The Deputy Minister of Transport and Communications presents the National Cycling Route Development Plan: “Creating Lithuania’s Bicycle Infrastructure”


2021 12 06


Inconvenient and unsafe cycling paths that break off at the city borders, or centres of attraction or workplaces difficult to access by bicycle are just some of the problems for cyclists that should end soon. This is being promised in the National Cycling Route Development Plan. A map of the development of bicycle paths, a threefold increase in funding, close cooperation with municipalities clarifying the needs and more favourable traffic rules for cyclists – these measures, according to Agnė Vaiciukevičiūtė, Deputy Minister of Transport and Communications, will help create Lithuania’s bicycle infrastructure.

The National Cycling Route Development Plan is a visual interactive map of Lithuania created together with the Lithuanian Road Administration, which will display the existing bicycle routes and paths. At the beginning of 2022, the map will be supplemented by the bicycle paths planned to be built and reconstructed. It will then become available to the public.

“According to the preliminary estimates, about 1,300 km of cycling paths should be built near national and local roads before 2030. 1,300 km – it is almost a straight distance from Vilnius to Amsterdam. Residents of all cities and districts will be able to see where the new paths will appear and how the projects will be implemented in the National Cycling Route Development Plan,” said Vaiciukevičiūtė, Deputy Minister of Transport and Communications, presenting the Plan at the municipal conference “Freedom to Move”. 

According to Vaiciukevičiūtė, this process is continuous, so there will always be an opportunity to review the priorities, and add new paths depending on the changes in the situation, such as the expansion of the city or the emergence of a new attraction.

Three times higher funding for the construction of new paths

From 2022, three times higher funding is planned to be allocated for the construction and reconstruction of new cycling and pedestrian paths. Until 2030, the total amount will comprise more than 300 mln. euros, and will be financed by the Road Maintenance and Development Programme, the European Union and other additional measures. At least 5% is planned to be disbursed annually from the Road Maintenance and Development Programme for the implementation of sustainable mobility measures, and at least 5% for the implementation of road safety measures.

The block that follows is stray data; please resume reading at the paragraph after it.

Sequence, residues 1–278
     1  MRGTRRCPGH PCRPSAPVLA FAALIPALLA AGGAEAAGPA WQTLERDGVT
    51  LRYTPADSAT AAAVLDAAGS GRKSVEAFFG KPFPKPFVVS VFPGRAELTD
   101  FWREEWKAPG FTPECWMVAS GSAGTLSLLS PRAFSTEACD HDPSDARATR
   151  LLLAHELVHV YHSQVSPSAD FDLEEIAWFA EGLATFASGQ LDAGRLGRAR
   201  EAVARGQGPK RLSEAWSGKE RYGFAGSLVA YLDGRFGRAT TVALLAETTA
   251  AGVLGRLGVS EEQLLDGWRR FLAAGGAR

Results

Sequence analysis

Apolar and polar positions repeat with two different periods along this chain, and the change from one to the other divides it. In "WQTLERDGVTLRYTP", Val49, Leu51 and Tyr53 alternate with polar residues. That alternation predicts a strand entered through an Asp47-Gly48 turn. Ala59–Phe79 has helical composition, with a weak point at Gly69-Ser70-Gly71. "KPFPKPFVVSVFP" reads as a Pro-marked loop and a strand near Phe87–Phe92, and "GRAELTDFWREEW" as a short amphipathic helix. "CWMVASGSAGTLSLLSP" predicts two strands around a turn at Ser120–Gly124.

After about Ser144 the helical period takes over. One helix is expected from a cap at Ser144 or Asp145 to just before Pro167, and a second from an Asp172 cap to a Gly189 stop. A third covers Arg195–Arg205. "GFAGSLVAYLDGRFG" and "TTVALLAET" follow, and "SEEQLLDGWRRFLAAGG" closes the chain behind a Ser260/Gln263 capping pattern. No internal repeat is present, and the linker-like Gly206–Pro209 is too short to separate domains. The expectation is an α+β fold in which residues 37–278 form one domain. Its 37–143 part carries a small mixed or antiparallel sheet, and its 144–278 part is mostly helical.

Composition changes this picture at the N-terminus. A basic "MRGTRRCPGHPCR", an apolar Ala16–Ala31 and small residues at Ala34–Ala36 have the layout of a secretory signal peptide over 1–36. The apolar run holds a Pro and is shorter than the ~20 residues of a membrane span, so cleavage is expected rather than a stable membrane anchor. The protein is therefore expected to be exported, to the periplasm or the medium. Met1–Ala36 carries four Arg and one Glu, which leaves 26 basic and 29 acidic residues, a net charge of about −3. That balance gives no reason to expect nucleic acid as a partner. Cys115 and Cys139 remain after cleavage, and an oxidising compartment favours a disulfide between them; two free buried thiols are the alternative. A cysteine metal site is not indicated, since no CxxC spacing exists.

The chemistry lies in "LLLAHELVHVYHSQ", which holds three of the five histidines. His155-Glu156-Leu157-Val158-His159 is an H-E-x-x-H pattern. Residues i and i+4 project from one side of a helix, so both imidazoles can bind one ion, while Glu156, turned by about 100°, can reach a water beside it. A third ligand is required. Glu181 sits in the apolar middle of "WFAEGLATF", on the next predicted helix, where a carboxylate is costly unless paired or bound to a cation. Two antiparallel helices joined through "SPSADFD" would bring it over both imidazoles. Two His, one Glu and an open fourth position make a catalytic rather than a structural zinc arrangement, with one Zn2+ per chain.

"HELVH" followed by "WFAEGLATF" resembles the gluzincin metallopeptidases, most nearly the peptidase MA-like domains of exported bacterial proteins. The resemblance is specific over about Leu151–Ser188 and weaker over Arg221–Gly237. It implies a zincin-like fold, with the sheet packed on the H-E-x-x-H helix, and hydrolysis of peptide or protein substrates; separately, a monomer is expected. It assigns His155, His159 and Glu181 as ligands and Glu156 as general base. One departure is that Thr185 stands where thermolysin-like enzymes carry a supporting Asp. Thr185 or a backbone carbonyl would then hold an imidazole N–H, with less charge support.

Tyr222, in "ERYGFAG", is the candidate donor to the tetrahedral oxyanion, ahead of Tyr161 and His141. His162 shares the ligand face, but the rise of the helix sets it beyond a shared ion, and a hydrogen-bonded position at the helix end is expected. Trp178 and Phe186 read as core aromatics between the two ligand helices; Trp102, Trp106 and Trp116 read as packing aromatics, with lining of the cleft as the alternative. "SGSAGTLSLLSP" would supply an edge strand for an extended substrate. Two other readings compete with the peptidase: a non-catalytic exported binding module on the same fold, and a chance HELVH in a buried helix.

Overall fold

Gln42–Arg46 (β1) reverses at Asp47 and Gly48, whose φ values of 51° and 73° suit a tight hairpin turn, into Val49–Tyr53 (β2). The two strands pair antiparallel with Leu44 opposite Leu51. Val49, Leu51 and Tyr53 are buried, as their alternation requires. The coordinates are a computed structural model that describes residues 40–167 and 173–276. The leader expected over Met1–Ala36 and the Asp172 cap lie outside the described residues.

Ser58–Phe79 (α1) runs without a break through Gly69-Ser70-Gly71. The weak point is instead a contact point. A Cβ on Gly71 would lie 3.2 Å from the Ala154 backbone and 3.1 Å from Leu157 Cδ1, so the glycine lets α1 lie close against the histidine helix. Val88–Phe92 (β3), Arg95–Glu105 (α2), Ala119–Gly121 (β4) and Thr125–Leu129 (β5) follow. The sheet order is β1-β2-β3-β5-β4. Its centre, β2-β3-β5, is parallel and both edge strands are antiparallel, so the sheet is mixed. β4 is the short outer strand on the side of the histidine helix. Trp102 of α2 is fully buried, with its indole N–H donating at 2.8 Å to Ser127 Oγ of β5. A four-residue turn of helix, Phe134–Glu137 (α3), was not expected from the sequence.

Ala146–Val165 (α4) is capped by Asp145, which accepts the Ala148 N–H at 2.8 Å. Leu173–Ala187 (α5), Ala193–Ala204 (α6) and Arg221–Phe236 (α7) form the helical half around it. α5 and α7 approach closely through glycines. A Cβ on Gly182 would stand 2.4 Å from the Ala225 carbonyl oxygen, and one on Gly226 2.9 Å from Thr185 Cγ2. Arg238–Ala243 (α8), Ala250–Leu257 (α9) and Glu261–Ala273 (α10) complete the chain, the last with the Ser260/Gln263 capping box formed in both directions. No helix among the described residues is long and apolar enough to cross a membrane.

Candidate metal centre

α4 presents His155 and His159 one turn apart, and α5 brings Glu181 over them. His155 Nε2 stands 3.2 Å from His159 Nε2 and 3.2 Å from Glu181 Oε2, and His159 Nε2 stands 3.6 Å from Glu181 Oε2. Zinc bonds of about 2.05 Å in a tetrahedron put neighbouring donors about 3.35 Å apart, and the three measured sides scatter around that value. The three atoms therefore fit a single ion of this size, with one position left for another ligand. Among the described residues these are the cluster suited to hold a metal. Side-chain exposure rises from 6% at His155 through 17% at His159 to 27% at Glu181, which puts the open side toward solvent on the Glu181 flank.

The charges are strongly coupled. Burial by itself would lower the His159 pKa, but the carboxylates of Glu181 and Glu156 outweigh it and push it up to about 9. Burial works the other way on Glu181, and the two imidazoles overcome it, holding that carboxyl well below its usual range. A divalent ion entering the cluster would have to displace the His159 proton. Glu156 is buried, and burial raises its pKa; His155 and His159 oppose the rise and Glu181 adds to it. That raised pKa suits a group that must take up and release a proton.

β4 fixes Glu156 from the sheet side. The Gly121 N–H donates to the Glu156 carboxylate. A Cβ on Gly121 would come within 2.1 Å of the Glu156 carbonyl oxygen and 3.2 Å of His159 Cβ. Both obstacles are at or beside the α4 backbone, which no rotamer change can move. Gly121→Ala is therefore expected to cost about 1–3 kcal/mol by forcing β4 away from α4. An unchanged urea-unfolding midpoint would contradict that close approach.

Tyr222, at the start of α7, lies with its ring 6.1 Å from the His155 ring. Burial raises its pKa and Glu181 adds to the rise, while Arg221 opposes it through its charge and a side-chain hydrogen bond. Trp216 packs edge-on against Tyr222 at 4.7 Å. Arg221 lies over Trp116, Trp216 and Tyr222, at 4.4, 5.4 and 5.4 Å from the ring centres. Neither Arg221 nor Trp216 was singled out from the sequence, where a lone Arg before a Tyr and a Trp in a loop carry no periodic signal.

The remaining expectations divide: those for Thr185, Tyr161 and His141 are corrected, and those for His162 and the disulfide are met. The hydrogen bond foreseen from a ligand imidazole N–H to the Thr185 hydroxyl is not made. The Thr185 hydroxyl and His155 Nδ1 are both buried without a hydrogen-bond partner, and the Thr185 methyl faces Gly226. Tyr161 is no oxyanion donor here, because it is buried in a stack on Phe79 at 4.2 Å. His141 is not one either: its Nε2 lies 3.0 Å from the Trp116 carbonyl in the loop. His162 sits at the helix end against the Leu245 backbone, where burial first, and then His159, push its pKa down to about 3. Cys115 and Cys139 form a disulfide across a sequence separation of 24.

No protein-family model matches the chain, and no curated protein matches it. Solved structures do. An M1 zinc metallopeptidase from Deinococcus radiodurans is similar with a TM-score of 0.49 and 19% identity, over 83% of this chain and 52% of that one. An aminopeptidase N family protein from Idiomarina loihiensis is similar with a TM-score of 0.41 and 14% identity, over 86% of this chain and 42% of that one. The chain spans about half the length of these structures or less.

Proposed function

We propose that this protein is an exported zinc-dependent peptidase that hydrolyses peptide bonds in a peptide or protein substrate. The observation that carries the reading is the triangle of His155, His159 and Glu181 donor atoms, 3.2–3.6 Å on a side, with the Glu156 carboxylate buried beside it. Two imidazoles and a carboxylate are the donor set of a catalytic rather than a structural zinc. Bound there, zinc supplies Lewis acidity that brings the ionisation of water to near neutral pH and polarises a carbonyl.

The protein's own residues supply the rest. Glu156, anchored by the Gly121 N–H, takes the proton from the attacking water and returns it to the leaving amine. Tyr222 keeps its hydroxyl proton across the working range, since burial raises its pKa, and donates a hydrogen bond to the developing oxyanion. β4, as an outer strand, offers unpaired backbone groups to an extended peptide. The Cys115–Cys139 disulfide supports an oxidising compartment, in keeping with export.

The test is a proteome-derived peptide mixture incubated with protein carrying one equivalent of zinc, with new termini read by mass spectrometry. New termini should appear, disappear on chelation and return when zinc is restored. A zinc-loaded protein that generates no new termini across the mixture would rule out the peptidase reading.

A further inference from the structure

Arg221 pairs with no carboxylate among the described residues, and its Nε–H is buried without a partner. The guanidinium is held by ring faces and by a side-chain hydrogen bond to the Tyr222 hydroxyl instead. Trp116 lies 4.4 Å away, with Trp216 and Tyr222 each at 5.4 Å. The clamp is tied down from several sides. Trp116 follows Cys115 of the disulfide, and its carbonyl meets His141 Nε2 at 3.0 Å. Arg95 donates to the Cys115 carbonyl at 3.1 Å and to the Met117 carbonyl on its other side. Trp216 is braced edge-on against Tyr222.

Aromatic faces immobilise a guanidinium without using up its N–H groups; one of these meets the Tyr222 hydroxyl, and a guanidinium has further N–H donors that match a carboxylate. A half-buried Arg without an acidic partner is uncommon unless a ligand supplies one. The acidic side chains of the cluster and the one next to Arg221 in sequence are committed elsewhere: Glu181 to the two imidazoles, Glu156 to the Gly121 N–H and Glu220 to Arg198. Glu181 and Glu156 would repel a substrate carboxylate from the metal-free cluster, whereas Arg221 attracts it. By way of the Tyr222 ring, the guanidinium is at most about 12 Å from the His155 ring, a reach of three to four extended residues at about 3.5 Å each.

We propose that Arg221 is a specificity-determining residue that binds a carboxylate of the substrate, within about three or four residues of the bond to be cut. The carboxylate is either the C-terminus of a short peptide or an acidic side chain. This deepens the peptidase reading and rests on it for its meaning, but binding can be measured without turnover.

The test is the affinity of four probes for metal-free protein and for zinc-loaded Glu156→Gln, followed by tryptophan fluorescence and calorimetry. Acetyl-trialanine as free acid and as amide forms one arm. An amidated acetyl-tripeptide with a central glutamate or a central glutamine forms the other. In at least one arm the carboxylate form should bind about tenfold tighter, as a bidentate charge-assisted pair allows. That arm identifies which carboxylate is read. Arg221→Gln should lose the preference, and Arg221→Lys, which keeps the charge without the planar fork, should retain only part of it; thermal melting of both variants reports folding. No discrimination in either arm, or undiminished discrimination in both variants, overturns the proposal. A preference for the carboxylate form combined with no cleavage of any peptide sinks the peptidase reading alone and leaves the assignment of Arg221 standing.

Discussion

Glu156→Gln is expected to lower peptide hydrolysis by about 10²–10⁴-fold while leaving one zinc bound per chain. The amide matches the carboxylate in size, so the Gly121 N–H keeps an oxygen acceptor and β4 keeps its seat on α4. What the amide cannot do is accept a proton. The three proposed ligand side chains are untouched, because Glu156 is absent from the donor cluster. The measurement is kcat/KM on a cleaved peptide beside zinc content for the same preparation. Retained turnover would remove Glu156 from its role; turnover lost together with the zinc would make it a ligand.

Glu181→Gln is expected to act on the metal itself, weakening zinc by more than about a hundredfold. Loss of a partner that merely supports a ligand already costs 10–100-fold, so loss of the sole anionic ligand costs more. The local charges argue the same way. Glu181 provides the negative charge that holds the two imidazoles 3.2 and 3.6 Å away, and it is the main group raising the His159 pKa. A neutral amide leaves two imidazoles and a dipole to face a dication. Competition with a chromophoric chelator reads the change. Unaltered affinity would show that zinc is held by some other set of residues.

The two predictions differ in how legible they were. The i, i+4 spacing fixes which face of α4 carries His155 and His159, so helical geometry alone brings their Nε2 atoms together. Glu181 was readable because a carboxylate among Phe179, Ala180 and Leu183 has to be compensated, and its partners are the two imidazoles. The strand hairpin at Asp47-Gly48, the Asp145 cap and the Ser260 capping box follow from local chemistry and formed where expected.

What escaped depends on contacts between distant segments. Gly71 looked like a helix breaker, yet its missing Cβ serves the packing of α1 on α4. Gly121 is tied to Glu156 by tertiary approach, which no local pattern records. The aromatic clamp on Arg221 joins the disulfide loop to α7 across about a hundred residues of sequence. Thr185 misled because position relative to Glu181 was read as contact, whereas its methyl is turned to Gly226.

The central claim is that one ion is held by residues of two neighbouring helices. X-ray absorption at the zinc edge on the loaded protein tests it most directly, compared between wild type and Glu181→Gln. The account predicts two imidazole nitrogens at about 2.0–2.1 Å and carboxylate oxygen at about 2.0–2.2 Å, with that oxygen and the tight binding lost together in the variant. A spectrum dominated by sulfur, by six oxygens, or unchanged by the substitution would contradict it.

In order to systematically develop paths and obtain funding, municipalities will have to meet specific criteria for prioritising, selecting and implementing their cycling path projects. 

It has been agreed with the Association of Local Authorities in Lithuania that the allocation of priorities and funds will take into account whether the path connects settlements to a continuous network of paths or whether it is a connection of existing paths between settlements, when the planned path has extensions in the settlements; whether the path connects settlements with the centres of attraction (protected or sightseeing areas) that are located up to 15 km away from the settlement; whether it connects the settlement and the area where the jobs are being created (FEZ, industrial territory, etc.), and whether the path overlaps with the EuroVelo route or is a continuation of an international route. 

The condition of cycling paths examined for the first time 

According to the Deputy Minister of Transport and Communications, when considering transformation of transport towards the “green course”, more sustainable mobility and changing the habits of travellers, it is necessary to ensure that the changes are consistent and convenient. 

“For the first time in our history, we have inspected and realistically assessed the condition of both national and regional cycling paths. It will be displayed on the interactive map using GIS technology. This is the first step towards systematic changes in all regions of Lithuania,” emphasised Vaiciukevičiūtė. The map will be publicly available early next year. 

Until now, there has been no state-approved special plan for cycling paths in Lithuania, therefore cycling paths have been developed in an uncoordinated manner, connections between the cycling routes have been missing, and the necessary traffic safety requirements or peculiarities of the areas through which they pass have been rarely assessed.